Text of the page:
Inside: Learn how to organize paperwork, what to keep and what to toss, and paper clutter solutions for the long-term.
Have you ever had to look for an important receipt or family record and were left scratching your head as to where you could have left it?
Do you get tired of shuffling piles around your kitchen counter or office desk?
Maybe you’re unsure of how long to hold onto important documents. And keep them just in case the IRS calls one day.
If any of these common struggles resonate with you, read on…I’ve got simple paper clutter solutions for you!
The Problem with Paper Clutter
It can cost you money…real money.
Recently our Costco membership expired. It was time to renew and thankfully we had a check from our previous year’s membership benefits that would cover the cost. But the check was sent a couple of months before our membership expired.
You can probably guess what happened next. Said check was shuffled around on my desk week after week. When it was time go renew, I had no idea where it actually was!
In addition to all of the junk mail you have to sort through, important financial documents land in your mail box. Things like your insurance card that you need to put in your vehicle. Property tax invoices. Or physical checks from a tax return.
If you don’t have a system in place to file or more importantly, take action on these documents. They can cost you lost income or fines. Eek! No one wants that!
Paper Clutter can also cost you time
How many times have you shuffled through the same pile looking for a bill, a kid’s school paper, or even an address so that you can send a Christmas card.
Allowing paperwork to become a monster will steal valuable time.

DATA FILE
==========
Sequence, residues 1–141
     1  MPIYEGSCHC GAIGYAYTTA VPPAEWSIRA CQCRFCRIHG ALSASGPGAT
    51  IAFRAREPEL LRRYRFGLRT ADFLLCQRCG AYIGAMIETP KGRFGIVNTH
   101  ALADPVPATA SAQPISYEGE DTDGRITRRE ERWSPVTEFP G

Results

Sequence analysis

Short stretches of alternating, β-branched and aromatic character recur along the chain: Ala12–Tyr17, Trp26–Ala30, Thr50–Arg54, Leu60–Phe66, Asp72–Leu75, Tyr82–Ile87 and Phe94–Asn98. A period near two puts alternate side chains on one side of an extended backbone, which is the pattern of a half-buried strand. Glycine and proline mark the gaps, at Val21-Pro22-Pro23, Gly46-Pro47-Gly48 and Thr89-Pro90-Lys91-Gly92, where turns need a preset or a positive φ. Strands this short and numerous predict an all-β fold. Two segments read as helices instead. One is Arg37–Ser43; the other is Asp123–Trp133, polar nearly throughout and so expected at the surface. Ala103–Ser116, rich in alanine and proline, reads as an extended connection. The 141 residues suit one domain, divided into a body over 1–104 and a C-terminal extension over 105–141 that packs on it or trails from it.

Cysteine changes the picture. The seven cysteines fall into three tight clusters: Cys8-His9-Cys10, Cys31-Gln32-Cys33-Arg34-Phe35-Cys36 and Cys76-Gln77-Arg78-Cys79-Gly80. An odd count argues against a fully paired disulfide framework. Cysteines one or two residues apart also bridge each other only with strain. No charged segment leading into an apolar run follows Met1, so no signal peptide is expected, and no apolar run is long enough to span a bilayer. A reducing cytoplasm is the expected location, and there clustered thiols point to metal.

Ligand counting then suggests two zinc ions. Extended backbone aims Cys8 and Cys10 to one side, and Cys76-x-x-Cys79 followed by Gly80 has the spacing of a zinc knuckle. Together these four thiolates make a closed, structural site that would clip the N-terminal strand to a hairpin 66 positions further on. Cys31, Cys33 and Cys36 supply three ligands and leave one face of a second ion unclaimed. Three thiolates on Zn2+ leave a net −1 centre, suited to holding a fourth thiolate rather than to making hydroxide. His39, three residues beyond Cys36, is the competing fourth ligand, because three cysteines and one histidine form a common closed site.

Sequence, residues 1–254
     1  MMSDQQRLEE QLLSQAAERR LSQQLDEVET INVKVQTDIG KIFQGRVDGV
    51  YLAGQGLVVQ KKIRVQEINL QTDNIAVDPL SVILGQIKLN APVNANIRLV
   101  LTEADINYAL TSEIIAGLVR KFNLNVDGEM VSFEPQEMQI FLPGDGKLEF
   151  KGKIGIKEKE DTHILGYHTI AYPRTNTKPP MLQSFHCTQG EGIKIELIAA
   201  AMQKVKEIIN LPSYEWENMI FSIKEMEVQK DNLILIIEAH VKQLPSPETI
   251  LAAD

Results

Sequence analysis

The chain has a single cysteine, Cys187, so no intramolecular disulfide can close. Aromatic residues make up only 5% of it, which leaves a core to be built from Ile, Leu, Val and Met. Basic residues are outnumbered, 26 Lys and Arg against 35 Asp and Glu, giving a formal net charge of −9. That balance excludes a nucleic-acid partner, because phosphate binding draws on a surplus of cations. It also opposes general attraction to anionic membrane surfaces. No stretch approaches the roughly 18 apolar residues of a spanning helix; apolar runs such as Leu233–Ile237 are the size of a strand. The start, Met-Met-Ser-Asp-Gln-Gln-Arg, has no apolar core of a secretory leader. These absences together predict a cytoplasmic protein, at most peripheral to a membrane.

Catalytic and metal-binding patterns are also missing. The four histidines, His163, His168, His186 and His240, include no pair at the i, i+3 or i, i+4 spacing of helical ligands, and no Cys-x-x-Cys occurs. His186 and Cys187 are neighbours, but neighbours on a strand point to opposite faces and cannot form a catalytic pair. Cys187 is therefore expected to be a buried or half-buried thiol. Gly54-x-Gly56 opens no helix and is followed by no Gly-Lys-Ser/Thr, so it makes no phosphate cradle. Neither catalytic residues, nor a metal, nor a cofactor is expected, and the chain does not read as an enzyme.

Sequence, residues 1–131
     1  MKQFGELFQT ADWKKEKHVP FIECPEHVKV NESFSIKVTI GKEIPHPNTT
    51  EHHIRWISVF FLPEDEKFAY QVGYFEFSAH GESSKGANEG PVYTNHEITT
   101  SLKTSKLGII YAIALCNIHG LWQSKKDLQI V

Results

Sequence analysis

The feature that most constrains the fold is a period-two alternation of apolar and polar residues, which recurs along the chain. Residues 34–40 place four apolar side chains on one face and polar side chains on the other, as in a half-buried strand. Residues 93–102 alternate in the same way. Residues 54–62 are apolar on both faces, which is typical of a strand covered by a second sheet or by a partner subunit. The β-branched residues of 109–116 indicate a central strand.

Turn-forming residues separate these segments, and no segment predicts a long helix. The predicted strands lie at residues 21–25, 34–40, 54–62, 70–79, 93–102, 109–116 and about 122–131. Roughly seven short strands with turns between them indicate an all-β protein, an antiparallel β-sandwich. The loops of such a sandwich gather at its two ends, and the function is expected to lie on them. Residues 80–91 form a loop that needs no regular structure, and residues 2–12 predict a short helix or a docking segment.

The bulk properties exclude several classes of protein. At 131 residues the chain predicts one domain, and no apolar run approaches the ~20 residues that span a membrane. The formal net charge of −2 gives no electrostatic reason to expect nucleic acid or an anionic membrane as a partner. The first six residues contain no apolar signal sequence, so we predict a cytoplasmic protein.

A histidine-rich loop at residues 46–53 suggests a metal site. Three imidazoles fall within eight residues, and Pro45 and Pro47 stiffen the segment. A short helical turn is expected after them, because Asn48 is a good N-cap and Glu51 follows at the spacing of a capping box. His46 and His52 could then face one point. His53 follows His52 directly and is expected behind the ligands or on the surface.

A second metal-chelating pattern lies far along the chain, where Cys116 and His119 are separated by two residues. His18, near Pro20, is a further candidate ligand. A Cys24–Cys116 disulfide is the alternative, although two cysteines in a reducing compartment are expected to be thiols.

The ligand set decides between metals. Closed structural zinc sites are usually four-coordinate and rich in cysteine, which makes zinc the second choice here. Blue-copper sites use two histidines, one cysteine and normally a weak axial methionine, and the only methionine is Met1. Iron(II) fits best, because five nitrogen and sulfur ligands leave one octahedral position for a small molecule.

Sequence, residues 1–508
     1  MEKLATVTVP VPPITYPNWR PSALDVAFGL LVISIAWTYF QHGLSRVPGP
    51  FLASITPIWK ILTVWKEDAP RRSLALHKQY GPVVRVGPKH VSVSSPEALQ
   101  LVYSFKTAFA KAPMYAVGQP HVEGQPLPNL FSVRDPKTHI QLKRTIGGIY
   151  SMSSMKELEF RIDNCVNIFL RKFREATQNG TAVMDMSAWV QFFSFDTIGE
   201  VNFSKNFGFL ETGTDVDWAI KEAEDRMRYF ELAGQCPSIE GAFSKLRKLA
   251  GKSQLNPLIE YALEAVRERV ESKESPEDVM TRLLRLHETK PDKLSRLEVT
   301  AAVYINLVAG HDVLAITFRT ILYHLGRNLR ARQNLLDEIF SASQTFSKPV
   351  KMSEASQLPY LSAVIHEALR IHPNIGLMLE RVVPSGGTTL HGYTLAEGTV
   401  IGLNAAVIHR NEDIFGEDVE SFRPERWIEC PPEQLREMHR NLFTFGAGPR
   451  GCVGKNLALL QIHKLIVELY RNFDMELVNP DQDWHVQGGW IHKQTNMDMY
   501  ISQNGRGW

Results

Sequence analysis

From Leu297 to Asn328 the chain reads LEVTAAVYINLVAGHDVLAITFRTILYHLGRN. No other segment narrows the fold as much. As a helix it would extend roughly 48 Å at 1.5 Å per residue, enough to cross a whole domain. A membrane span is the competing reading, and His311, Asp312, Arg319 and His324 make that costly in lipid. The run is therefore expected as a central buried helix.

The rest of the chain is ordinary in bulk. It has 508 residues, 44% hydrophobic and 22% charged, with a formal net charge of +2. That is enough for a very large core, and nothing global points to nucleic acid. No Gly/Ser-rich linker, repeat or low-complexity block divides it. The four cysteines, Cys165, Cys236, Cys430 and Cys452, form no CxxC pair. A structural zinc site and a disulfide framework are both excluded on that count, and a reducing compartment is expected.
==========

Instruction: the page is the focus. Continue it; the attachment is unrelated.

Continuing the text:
The Paper Clutter Trap
It seems, paper attracts more paper and they multiply. There are likely, areas in your home that collect all of the random pieces of mail, receipts, and important correspondence from who knows where!
Who’s got time for a paper chase.
Read on to learn what to keep what to toss. We’ll also talk about a process for staying on top of this highly undesirable paper clutter!
Step 1: Get Rid of Paper Clutter First
You can tackle paper clutter in a number of ways. If you have several piles of papers in various places throughout your house, you can start one room or one pile at a time. Alternatively, you can centralize the paper clutter and take it on all at once. I’m a take it on all at once kind of girl, so I gather the pile from the kitchen and the 107 piles in my office and take it all on at the same time!
In order to deal with the mess, you need to sort it into the following piles:
- Act – anything that requires action, pay, follow-up, calls, etc.
- File – anything that is worthy of being kept for a month or more and you want to put in a specified location like a file, binder, or box/tray
- Toss – documents that do not contain personal information and that you want to get rid of (refer to the list below to see what items you should keep)
- Shred – Sensitive documents that contain personal or financial information, but that you do not need to keep
Items that land in the Act pile need to be acted on as soon as possible. Pay the bill, Call the Person, Respond to the request. More on this later!
Paper clutter what to keep what to toss
Important Papers To Keep
Check out the infographic later in this post for a list of how long to keep various documents. You can download the graphic at the end of the post!
Step 2: How to Organize Paperwork
For the Papers that landed in the “File” pile, you’ll want a system to store them. Let’s talk about how to store and how to sort this group.
How to store:
There are many different ways you can store papers. Some people prefer a decorative box with a label. Other’s like to make binders with a specific focus. Traditional file cabinets are still a go-to for many people. Also, if you’re technically savvy, you may prefer to go paperless altogether and use a scanner.
For sensitive documents, you may want to store them in a fireproof box or even a safety deposit box at a bank.
Paper Organization Categories:
Once you’ve given some thought as to how you’re going to store your documents, consider how you’ll organize them. Below is a list of common categories with the types of documents you’d find in each.
Personal Records – Insurance records, Birth certificates, Death certificates, Marriage certificates, divorce decrees, Social Security / Social Insurance cards, Military discharge papers, ID cards, and Passports, Wills, Educational records, Life Insurance policies, Power of attorney, and Inventory of your safe deposit box